Pretty interesting discussion between Cormac McCarthy, Werner Herzog and Lawrence Krauss on the intersections of art and science, even if they all pretty much agree that humanity will wither and die and that that’s a fairly okay thing.
Anyway, I liked this. Typical Herzogian stocism:
Mr. HERZOG: It does, yes, because yes, because you have to imagine that only 73, 74 thousand years ago a gigantic volcanic explosion took place in Sumatra, which almost wiped out the entire human race. That was the so-called bottleneck, still disputed among scientists.
But the population, the number of human beings shrank to under 10,000, maybe only 2,000, started to recover, and then, of course, there was the Ice Age, you have to imagine 35,000 years ago. So almost all of Europe was covered by ice, the Alp mountains under 3,000 meters, which means 9,000 feet, of ice.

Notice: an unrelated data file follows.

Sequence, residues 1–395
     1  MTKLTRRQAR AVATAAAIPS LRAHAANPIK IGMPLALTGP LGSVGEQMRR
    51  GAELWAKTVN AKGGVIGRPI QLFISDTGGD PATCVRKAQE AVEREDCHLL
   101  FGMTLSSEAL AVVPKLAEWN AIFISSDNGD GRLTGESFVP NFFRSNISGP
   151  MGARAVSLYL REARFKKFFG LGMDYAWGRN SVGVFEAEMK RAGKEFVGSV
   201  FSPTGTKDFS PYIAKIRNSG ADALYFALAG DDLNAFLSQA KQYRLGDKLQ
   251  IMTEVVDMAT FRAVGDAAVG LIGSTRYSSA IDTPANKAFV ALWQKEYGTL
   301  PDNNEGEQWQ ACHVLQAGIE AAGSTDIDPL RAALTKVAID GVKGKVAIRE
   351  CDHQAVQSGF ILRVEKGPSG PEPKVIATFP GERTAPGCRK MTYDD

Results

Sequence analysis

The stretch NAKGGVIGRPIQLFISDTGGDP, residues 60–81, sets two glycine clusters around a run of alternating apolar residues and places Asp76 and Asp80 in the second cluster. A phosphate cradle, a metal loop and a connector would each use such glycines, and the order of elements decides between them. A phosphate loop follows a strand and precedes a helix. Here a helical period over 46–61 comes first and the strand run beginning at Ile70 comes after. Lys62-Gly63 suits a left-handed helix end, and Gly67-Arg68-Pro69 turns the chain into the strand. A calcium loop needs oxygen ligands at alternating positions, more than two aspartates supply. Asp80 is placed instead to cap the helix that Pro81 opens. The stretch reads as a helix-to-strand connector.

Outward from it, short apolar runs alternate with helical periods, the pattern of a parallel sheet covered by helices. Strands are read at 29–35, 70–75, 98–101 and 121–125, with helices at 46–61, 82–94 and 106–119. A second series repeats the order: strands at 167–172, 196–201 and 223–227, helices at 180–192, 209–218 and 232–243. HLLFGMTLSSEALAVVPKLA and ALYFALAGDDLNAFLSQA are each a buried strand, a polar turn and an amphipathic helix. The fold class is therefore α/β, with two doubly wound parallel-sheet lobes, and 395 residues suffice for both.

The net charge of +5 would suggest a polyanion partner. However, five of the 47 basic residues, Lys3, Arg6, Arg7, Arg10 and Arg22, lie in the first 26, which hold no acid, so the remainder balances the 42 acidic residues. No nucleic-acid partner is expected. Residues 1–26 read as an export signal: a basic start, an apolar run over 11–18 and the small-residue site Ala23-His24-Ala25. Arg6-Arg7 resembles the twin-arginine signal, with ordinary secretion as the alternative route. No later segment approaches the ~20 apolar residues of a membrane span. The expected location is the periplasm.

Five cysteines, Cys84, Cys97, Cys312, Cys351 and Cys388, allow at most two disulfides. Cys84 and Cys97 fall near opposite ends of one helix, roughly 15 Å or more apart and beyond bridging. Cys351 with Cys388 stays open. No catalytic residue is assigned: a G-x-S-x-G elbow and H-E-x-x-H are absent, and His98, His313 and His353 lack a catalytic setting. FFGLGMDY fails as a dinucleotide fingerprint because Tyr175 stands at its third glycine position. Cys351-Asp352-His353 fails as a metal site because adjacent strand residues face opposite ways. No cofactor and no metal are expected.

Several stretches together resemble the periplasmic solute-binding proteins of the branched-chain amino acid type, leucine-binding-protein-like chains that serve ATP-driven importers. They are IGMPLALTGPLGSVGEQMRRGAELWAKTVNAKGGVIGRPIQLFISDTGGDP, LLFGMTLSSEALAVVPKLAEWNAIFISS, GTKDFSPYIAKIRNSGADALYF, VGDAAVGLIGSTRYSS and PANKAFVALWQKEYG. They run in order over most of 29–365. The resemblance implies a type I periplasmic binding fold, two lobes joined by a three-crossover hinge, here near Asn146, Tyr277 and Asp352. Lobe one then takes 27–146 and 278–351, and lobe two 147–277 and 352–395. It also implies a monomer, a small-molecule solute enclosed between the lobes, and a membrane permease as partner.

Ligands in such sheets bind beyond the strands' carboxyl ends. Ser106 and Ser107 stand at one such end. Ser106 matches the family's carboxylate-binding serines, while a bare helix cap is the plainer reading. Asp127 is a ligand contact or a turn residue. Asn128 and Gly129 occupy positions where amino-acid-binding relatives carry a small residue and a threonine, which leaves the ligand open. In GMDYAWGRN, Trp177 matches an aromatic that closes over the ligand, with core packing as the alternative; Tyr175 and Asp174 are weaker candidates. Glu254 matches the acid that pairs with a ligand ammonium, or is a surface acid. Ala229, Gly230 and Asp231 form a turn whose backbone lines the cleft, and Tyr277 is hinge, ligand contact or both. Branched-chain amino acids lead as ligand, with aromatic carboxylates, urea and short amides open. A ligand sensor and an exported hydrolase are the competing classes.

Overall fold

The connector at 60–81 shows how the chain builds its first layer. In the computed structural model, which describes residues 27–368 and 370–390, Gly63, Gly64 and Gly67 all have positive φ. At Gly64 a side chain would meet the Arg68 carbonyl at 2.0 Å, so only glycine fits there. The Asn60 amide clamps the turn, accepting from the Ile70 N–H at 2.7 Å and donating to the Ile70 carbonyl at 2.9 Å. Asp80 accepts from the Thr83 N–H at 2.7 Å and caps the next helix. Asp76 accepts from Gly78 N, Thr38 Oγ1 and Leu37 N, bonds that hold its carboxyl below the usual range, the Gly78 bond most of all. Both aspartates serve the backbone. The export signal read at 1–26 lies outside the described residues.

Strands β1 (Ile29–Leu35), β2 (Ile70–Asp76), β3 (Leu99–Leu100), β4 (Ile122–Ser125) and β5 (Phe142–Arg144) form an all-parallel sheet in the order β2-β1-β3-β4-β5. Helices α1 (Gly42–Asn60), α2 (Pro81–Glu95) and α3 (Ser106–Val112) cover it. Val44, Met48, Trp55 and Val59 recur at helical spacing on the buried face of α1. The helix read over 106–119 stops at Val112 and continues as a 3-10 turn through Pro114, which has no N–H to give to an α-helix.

Further north, ice had bound so much water that you could walk as a hunter from Paris to London dry – because the level of the ocean was 100 meters lower. So you could walk across the British Islands.
And a completely, utterly different world, and yet this world, which was filled with wooly rhinos, mammoths, lions in southern France, all of a sudden shows us this is where we came from, where our spirit, our nature, modern humans all began.